Wellington Middle School students set their sights high — hopefully, 100,000 feet high — that their weather balloon will reach the Stratosphere after its launch May 2. These talented kids, members of the 100K Team, have been working hard to design payloads designed to measure temperature and pressure changes as well as ultraviolet exposures at increasing altitude. Science teacher Vicky Jordan got the kids excited about the project and later was awarded a grant by LASP — the Laboratory for Atmospheric and Space Physics at the University of Colorado in Boulder.

LASP selected Jordan’s proposal over seven competitors. Educational Coordinator Erin Wood said Jordan’s enthusiasm, clear ideas about sharing the student’s work, and her 100K science team already in place made her application stand out. “Now that we are working together, it’s inspiring to observe how devoted she is to her students! She really is a wonderful teacher, and we couldn’t pull off what we’re doing without her dedication,” Wood said.

The 100K Team/LASP collaboration is doing some amazing things. They have been using science, technology, engineering and math skills to conceive testable scientific questions, develop and test hardware, and even create a video to explain what they are doing to the rest of the school. Students communicated with LASP scientists by e-mail and video chats, then some scientists visited the school on two occasions for some hands-on help with the scientific and engineering process. One of the video chats was with Lars Kalnajs, a researcher studying the ozone hole over Antarctica.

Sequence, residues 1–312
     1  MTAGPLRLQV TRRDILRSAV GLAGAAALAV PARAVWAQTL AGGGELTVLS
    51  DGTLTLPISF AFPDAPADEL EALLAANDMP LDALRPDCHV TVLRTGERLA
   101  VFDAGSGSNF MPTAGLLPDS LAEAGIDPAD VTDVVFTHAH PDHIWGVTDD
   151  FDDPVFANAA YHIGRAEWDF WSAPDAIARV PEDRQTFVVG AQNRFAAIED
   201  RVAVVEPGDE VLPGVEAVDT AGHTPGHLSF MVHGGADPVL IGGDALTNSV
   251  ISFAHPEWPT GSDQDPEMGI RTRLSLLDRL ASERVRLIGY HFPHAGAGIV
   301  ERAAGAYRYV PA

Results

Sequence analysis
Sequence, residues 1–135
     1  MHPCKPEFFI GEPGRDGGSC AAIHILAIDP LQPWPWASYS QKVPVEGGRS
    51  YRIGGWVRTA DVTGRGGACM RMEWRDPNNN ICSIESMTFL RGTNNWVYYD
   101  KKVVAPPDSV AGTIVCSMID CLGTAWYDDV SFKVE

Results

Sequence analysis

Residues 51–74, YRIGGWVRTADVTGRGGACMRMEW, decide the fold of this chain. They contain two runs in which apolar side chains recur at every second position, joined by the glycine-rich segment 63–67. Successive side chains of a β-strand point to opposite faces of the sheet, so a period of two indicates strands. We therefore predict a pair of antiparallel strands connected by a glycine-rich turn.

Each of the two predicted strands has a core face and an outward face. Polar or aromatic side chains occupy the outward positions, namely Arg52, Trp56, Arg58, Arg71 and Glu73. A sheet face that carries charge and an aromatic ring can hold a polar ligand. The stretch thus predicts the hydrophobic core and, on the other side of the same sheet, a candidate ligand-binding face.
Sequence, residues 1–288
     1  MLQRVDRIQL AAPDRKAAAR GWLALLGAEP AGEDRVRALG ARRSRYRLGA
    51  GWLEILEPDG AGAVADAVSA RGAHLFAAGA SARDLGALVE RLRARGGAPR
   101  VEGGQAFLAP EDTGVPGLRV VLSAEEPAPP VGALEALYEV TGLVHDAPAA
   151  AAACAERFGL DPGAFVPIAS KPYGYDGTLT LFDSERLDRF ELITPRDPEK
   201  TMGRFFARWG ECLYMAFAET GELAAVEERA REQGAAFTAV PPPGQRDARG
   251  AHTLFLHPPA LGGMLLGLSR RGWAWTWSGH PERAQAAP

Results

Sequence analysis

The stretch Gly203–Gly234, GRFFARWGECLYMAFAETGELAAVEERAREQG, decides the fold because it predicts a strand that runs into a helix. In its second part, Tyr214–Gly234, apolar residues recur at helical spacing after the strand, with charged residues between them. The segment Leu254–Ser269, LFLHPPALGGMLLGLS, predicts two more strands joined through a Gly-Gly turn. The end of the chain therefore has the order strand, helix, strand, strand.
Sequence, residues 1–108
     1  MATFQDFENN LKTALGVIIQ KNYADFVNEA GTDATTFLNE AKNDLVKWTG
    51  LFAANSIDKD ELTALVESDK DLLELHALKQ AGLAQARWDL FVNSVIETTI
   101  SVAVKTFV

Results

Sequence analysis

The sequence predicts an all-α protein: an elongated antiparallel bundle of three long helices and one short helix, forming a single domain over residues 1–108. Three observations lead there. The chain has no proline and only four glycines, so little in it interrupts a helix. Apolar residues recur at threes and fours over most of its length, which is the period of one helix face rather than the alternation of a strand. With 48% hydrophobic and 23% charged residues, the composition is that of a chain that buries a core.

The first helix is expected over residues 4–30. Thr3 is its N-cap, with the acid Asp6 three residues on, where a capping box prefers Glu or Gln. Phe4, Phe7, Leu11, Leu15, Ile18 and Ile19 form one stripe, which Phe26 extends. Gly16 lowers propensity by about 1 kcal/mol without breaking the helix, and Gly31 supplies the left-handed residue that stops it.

“Not every researcher is comfortable in a room full of middle school students. Lars Kalnajs and (researcher) Pat Brown are perfect examples of people who are just great at this. Both are younger professionals as well,” Wood said. “Students can hopefully easily put themselves in their shoes.”

Jordan said she even got her retired-teacher husband Rick involved. When they were looking for a way to measure changing pressure with altitude, he suggested trying to incorporate an empty syringe. After some experimentation, including a student field trip to the LASP laboratories in Boulder to use their bell-jar vacuum chamber, they were able to come up with a workable design.

Next year, LASP will look at another round of proposals — perhaps even another from Wellington. Woods plans to sit down with Jordan and take what they have learned to apply it to another collection of bright, interested space enthusiasts. “I also hope Vicky and I can work together on future programs,” Wood said. “I would love to establish a closer relationship to the school, even if it’s not ballooning per se.”

In the student video Noah Ford reveals a fourth experiment.

“Just for fun,” he said, “we wanted to see if the pitch of sound changes as the air pressure and temperature change, so we are hanging a cowbell under the payload and we hope the GoPro camera will keep track of the sound of the bell.”

At the end of the video everyone jumps into the air and proudly declares, “Science is Fun!”

This project confirms that it truly is.

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